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Dynamic interplay between life events and course of psychotic disorders: 10-year longitudinal study following first admission

Published online by Cambridge University Press:  04 November 2020

Kayla R. Donaldson
Affiliation:
Department of Psychology, Stony Brook University, Stony Brook, NY, USA
Katherine G. Jonas
Affiliation:
Department of Psychiatry, Stony Brook University, Stony Brook, NY, USA
Yuan Tian
Affiliation:
Department of Applied Mathematics and Statistics, Stony Brook University, Stony Brook, NY, USA
Emmett M. Larsen
Affiliation:
Department of Psychology, Stony Brook University, Stony Brook, NY, USA
Daniel N. Klein
Affiliation:
Department of Psychology, Stony Brook University, Stony Brook, NY, USA
Aprajita Mohanty
Affiliation:
Department of Psychology, Stony Brook University, Stony Brook, NY, USA
Evelyn J. Bromet
Affiliation:
Department of Psychiatry, Stony Brook University, Stony Brook, NY, USA
Roman Kotov
Affiliation:
Department of Psychiatry, Stony Brook University, Stony Brook, NY, USA
Corresponding

Abstract

Background

Life events (LEs) are a risk factor for first onset and relapse of psychotic disorders. However, the impact of LEs on specific symptoms – namely reality distortion, disorganization, negative symptoms, depression, and mania – remains unclear. Moreover, the differential effects of negative v. positive LEs are poorly understood.

Methods

The present study utilizes an epidemiologic cohort of patients (N = 428) ascertained at first-admission for psychosis and followed for a decade thereafter. Symptoms were assessed at 6-, 24-, 48-, and 120-month follow-ups.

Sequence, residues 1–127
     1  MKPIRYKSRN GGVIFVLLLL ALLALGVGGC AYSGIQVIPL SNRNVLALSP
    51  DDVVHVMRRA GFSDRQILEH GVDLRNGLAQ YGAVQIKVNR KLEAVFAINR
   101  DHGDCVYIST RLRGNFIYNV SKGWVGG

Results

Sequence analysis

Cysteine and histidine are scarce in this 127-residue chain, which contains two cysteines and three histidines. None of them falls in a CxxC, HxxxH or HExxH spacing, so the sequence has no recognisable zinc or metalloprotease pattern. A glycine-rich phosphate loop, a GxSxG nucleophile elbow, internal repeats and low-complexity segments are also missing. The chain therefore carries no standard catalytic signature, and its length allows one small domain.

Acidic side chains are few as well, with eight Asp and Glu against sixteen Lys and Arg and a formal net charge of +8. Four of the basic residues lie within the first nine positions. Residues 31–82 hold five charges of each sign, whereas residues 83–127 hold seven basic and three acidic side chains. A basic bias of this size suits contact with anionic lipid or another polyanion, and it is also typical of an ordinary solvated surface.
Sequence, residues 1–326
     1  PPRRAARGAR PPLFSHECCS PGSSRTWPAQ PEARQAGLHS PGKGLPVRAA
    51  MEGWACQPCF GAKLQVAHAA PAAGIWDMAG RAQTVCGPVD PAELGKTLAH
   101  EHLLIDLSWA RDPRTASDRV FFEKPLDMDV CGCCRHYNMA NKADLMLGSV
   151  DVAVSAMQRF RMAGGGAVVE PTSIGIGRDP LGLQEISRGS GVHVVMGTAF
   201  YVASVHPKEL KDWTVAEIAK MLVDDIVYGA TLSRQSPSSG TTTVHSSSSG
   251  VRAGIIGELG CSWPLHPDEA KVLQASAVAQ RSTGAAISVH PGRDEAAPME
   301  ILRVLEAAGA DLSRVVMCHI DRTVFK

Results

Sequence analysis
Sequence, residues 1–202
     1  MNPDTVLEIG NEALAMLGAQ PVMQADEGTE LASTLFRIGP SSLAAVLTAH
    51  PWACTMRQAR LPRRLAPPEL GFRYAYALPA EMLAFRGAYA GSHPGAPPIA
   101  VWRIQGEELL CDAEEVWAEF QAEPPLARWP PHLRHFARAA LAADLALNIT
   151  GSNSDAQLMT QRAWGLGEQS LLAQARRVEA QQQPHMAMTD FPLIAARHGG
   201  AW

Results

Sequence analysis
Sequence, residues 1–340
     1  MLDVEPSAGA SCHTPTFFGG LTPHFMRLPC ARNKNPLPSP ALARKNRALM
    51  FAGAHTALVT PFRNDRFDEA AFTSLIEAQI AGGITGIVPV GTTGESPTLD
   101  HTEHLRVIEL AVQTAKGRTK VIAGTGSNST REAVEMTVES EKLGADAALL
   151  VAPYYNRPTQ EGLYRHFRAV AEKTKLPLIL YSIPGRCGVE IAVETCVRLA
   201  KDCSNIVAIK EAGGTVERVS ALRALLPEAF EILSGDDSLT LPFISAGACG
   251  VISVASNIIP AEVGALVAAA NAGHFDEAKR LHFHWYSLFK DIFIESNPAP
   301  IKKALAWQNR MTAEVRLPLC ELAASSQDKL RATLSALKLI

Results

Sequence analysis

Results

We examined symptom change within-person and found that negative events in the previous 6 months predicted an increase in reality distortion (β = 0.07), disorganized (β = 0.07), manic (β = 0.08), and depressive symptoms (β = 0.06), and a decrease in negative symptoms (β = −0.08). Conversely, positive LEs predicted fewer reality distortion (β = −0.04), disorganized (β = −0.04), and negative (β = −0.13) symptoms, and were unrelated to mood symptoms. A between-person approach to the same hypotheses confirmed that negative LEs predicted change in all symptoms, while positive LEs predicted change only in negative symptoms. In contrast, symptoms rarely predicted future LEs.

Conclusions

These findings confirm that LEs have an effect on symptoms, and thus contribute to the burden of psychotic disorders. That LEs increase positive symptoms and decrease negative symptoms suggest at least two different mechanisms underlying the relationship between LEs and symptoms. Our findings underscore the need for increased symptom monitoring following negative LEs, as symptoms may worsen during that time.

Type
Original Articles
Copyright
Copyright © The Author(s), 2020. Published by Cambridge University Press

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